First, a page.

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Barren County Okays Needle Exchange for Drug Users

One south central Kentucky community has moved a step closer toward establishing a needle exchange for drug addicts. 

In a 4-3 vote with one abstention, the Barren County Fiscal Court approved a program Tuesday that will allow intravenous drug users to anonymously swap dirty syringes for clean ones at the local health department. 

Kentucky already has a high rate of Hepatitis-C, and health experts say needle exchanges can help reduce the spread of blood-borne diseases likes Hep-C and HIV. 

Magistrate John Benningfield voted in support of the program.

"It's more than just a needle exchange program. It's about building dialogue with these people, and hopefully, at some point getting them into rehab," Benningfield told WKU Public Radio.  "If just one person gets off drugs, then I think it's a good program."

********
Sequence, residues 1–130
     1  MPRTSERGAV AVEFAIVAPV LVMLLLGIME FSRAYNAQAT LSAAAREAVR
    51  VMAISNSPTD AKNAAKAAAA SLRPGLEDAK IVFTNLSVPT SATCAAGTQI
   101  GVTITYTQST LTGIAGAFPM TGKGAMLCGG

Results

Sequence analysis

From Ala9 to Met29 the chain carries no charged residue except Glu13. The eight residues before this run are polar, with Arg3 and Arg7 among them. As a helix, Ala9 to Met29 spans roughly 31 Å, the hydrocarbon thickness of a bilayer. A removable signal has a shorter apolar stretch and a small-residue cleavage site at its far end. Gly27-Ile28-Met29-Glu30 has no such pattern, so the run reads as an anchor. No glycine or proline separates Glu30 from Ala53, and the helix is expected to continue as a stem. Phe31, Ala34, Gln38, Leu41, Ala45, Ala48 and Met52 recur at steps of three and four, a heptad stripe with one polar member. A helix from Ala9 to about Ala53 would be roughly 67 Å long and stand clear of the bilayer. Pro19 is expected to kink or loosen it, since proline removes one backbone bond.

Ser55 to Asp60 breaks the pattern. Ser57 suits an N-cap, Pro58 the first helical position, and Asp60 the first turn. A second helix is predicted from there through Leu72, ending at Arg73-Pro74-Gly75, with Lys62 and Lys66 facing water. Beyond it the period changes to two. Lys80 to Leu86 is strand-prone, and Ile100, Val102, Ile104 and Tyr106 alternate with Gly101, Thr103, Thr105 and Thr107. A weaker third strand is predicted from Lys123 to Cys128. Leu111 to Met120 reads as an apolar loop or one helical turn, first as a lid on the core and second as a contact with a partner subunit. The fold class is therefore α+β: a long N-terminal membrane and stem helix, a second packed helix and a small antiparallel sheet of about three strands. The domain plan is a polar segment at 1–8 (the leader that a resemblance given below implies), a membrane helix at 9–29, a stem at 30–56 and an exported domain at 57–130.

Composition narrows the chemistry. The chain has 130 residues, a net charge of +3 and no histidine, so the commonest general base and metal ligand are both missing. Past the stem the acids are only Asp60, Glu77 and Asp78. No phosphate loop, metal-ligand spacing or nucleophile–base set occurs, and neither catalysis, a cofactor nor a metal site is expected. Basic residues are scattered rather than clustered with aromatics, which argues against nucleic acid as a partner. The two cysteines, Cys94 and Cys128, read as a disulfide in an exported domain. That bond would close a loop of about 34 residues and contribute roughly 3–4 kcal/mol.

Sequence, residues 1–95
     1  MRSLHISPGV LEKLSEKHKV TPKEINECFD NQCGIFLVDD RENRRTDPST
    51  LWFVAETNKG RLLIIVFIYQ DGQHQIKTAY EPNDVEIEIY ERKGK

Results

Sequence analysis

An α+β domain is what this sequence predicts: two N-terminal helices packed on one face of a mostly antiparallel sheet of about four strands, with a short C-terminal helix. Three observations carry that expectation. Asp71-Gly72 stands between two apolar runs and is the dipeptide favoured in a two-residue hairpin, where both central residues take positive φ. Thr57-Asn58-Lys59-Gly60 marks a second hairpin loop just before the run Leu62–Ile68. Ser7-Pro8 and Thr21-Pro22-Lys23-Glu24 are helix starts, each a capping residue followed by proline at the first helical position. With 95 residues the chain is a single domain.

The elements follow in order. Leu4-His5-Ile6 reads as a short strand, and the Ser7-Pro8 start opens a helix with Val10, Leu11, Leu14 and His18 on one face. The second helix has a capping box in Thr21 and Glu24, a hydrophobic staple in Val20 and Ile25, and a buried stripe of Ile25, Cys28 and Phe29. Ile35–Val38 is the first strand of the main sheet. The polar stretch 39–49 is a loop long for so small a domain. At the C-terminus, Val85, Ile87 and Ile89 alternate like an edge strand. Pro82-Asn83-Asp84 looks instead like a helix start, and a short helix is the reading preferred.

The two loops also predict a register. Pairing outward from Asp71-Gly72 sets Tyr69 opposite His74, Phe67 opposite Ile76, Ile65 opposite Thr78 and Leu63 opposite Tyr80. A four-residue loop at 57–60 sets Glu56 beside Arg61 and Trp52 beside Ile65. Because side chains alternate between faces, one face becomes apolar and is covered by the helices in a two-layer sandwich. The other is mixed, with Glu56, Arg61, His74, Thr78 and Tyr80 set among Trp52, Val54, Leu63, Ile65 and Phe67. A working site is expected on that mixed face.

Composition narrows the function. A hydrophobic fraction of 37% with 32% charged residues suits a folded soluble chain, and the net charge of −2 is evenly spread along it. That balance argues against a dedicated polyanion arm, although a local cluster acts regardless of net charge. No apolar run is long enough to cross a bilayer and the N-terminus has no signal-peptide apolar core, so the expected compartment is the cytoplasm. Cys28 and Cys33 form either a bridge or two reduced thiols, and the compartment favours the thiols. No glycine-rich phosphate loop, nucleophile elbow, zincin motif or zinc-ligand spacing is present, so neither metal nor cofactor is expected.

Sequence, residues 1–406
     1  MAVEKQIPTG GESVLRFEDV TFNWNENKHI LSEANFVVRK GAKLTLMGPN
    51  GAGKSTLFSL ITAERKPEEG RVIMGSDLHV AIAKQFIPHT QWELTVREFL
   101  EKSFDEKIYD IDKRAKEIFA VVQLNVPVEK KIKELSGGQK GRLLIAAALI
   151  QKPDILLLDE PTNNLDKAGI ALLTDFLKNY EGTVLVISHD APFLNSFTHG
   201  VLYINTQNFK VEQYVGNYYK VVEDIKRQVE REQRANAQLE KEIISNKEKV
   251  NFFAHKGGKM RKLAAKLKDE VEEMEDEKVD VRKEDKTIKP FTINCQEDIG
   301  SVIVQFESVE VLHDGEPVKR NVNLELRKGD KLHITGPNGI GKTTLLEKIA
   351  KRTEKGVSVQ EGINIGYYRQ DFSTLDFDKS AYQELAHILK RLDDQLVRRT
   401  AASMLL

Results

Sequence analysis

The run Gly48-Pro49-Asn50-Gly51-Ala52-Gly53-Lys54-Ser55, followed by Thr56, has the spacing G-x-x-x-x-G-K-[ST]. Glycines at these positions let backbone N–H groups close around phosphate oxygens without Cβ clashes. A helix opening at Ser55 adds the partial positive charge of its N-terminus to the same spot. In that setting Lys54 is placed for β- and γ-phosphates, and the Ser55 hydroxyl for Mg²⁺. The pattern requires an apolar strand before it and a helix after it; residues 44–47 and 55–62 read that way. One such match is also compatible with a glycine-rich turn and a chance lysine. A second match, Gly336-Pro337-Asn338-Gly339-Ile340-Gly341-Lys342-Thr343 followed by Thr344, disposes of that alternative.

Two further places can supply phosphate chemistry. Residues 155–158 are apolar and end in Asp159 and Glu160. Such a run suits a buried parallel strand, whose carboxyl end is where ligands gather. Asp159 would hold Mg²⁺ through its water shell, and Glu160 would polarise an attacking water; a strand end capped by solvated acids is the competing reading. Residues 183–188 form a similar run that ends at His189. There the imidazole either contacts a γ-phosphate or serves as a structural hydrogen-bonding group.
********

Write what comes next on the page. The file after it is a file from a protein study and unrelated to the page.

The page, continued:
Benningfield says, based on the research he’s seen, it’s a misconception that needle exchanges condone or increase drug use.  Some opponents have expressed concerns about addicts coming to Barren County from surrounding communities. 

Before a needle exchange can begin, approval must also come from the Glasgow City Council at its next meeting in January.

Lisa is a Scottsville native and WKU alum. She has worked in radio as a news reporter and anchor for 18 years. Prior to joining WKU Public Radio, she most recently worked at WHAS in Louisville and WLAC in Nashville. She has received numerous awards from the Associated Press, including Best Reporter in Kentucky. Many of her stories have been heard on NPR.
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